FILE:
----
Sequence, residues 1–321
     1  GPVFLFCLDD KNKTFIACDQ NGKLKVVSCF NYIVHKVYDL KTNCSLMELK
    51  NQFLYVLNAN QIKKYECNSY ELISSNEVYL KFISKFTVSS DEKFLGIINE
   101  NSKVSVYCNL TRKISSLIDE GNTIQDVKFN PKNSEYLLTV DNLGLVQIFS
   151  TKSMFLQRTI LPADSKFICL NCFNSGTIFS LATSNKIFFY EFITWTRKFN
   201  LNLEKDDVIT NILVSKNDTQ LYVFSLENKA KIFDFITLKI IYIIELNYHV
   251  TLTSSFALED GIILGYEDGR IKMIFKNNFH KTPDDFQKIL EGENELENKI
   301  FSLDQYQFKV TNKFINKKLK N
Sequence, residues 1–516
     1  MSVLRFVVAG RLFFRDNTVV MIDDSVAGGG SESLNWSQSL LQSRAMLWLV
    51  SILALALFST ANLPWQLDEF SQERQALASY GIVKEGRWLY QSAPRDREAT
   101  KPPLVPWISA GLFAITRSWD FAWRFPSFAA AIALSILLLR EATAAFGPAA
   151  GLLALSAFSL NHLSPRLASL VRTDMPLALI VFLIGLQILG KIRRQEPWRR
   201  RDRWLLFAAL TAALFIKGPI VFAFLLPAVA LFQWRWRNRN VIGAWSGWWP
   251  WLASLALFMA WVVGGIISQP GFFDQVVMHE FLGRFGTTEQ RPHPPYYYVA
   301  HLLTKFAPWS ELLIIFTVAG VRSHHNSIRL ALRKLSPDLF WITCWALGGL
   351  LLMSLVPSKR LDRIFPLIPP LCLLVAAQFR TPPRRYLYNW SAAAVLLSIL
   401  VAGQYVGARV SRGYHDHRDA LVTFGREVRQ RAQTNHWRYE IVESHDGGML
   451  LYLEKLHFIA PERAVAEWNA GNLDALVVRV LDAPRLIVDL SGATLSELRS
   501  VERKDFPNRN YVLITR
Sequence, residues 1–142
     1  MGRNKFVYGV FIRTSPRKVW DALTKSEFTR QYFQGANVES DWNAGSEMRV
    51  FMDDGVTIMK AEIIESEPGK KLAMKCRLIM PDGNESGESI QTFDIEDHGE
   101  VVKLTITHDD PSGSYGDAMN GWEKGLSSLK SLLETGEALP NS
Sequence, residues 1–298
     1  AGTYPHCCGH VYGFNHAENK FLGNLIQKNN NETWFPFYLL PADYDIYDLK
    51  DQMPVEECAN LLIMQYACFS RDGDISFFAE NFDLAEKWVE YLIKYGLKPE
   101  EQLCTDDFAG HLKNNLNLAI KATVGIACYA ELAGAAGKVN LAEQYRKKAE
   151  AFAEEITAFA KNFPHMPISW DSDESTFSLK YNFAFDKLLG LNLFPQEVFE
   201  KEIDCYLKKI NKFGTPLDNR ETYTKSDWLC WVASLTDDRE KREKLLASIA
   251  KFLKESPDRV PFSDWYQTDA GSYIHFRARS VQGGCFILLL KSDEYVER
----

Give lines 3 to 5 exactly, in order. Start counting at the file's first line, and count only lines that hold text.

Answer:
    51  NQFLYVLNAN QIKKYECNSY ELISSNEVYL KFISKFTVSS DEKFLGIINE
   101  NSKVSVYCNL TRKISSLIDE GNTIQDVKFN PKNSEYLLTV DNLGLVQIFS
   151  TKSMFLQRTI LPADSKFICL NCFNSGTIFS LATSNKIFFY EFITWTRKFN